Digging brings so much joy to so many dogs.
Depending on the reason, you will need to employ various measures to prevent your dog from digging in the yard.
While this may appear to be a straightforward solution, understanding why your dog digs are the first step in protecting your landscape.
If your dog is digging, whether it’s a hole in the yard or an escape route under a fence, it’s crucial to figure out why your dog is performing this type of behavior.
Reasons That Dogs Like To Dig Holes
- Digging is part of your dog’s behavior and you can afford it to some extent. If your dog isn’t destroying anything, or if this is just a way to have fun, then you can just leave it alone.
- Some dogs just love to dig and usually do so to keep warm or cool, as digging a hole or resting burrow can protect them from the heat or cold.
- Some dogs dig holes because they are more comfortable under cooler ground, while others can dig holes because they are trying to hide.
- Digging for a pleasant or protected place to sleep is not such highly harmful canine behavior as it is a natural reaction for any animal.
- Long-term digging is mostly a sign that your dog isn’t getting adequate exercise or intellectual stimulation. Hence, keep them busy.
- If your dog digs holes in your yard at randomness, it’s most possibly sniffing or detecting something underneath that it’s attempting to reach.
- If your dog is digging holes at the edge of your property or other boundaries. Such as a fence, it may be curious about what is behind the lawn and is trying to plan an escape.
- In a backyard infested with parasites like moles, dogs can dig like crazy to find what they can hear and smell.
- Dogs love to dig outside in mud, mud, snow, grass, mulch or sand, and may even try to dig in plants, tree roots, or landscapes. Some dogs get so wild they dig in the ground that they can rip up an entire yard or worse, they might even bring the dog to your new couch.
When to Worry?
A dog that digs holes can destroy your yard, track dirt and grime back into your home, and force you to give it a bath after every outdoor visit. Even worse, if your dog is digging a tunnel under the fence to escape, it could put your dog in danger.
It can be difficult to prevent and dangerous if your dog digs under the fence and runs out of the yard. Even though you’re not a gardener and also don’t mind the odd hole in your yard, if your dog is digging alongside the fence, you must intervene as quickly as possible.
How to Stop the Dogs From Digging?
Dogs Need to Stay Active
As discussed earlier, without frequent play and long walks, your dog will get bored and dig to relieve the boredom.
While you probably can’t stop your dog from digging holes at all, you can get him to stop digging so much by making sure your dog gets a lot of exercise and attention. If you can give your dog the stimulation it needs, it won’t feel like digging that much.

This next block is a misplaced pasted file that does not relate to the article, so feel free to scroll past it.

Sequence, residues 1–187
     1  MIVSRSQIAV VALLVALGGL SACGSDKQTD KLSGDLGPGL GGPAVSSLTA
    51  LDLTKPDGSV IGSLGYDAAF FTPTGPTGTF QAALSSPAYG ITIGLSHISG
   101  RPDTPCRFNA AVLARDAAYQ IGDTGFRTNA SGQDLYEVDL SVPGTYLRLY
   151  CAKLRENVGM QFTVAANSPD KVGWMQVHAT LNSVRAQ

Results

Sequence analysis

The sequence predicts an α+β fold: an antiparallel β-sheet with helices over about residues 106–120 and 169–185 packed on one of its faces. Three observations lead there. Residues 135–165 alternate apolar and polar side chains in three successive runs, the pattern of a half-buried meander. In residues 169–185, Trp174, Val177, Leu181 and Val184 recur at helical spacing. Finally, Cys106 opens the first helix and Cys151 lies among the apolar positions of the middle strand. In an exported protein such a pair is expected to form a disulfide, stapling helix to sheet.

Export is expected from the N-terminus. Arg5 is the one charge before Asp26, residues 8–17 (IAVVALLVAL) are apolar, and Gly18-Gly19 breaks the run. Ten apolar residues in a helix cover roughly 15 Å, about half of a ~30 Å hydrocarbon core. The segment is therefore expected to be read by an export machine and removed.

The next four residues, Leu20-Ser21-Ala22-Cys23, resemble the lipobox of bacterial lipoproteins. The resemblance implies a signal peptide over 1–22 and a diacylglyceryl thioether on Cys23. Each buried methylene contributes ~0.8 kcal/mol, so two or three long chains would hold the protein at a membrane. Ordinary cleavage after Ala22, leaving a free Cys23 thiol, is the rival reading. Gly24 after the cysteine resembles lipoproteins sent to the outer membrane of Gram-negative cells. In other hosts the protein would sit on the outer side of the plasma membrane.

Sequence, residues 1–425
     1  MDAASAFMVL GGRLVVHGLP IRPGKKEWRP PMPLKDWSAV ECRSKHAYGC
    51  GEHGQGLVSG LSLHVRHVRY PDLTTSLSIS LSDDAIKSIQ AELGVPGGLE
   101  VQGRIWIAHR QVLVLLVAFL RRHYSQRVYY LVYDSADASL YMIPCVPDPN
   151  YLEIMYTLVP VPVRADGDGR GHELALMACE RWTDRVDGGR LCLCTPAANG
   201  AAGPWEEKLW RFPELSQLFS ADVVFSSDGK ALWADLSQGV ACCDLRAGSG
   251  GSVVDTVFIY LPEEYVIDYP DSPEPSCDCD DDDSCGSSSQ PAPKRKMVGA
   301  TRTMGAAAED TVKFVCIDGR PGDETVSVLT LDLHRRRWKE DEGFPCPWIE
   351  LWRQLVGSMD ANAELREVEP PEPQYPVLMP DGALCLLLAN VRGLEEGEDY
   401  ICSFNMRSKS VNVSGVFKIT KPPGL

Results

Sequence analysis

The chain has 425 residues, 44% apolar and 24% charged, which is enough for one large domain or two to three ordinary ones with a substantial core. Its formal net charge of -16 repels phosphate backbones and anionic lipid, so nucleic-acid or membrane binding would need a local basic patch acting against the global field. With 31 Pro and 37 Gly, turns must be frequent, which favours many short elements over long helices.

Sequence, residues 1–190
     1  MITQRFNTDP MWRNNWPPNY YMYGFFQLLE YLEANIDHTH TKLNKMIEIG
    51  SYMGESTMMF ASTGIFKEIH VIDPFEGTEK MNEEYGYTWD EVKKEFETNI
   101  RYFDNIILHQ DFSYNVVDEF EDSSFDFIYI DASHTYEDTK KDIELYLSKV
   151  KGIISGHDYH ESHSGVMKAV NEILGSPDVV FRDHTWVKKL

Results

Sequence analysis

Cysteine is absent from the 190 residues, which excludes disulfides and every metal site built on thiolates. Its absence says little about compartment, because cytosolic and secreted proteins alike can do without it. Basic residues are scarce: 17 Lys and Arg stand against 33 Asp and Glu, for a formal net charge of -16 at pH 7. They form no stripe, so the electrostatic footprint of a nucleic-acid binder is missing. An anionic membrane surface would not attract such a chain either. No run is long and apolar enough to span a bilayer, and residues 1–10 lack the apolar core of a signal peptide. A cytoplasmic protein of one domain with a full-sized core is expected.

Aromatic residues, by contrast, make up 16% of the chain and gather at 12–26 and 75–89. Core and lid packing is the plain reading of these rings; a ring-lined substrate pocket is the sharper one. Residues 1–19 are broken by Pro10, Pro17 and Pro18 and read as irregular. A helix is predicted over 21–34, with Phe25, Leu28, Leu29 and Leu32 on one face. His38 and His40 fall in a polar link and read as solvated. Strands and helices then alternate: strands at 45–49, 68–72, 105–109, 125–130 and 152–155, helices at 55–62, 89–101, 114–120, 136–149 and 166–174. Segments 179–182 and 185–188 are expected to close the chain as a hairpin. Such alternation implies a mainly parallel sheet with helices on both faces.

Additional games, training, and exercise may be required to control digging behavior, especially if your dog is young and very active.
When the owner is away, dogs that continue to dig may need extra stimulation to keep them busy. Providing your dog with a regular and abundant daily life can greatly help prevent problems such as digging (see abundance, predictability, and planning).
If your dog hasn’t been digging for the entire day, you might consider whether keeping them at home is the best option. When a dog is left alone for an extended period, it may begin digging.
Make an Exclusive Space Only for Digging
Some dogs just like to “dig well” and there is often no difference between digging in barren and muddy areas or in the vegetable garden you have worked so hard on. Some people designate a certain area in the yard, usually hidden, where the dog can dig as he pleases.
In this case, digging a larger hole where they are allowed to dig may prevent them from digging in the yard.
Consider Dig Proof Gardens
Kindly ensure that even if you decide to use the trap in the pits, your dog will simply be discouraged from digging and it will not be injured. While your dog is unlikely to be completely dig-proof, you can make your garden dig-proof to minimize damage and maximize your dog’s safety.
Once you understand that digging is just part of the job for many dogs, you will understand why this behavior requires more attention to stop it. Before you can even think about breaking the habit, it’s important to understand why your dog is digging at all, because its behavior can be very easily explained.
Digging Can Be Routed in Right Directions
Even if you try everything to keep your dog from digging, the impulse to dig can still kick in. Then why not accept it? Figure out how to make it work for you if it makes your dog happy.
The simplest method is to provide your dog with a digging area. In this regard, a sandbox can be beneficial. Hide rubber bones and other toys in the sand for your dog to discover while exploring. As a result, the excavating area will be more gratifying than the rest of the yard.
Whenever your dog starts digging somewhere outside the desired digging location, gently redirect them and encourage further digging there.
Dog sports are yet another method to redirect your dog’s natural inclinations into something positive.
Digging is often not hazardous unless it is destroying your yard. You and the canine will be pleased if you can redirect your dog’s digging impulses towards more beneficial and lesser disruptive tasks.
Even after trying all the strategies if your dog does not stop digging, then you can contact a behavioral expert for training.
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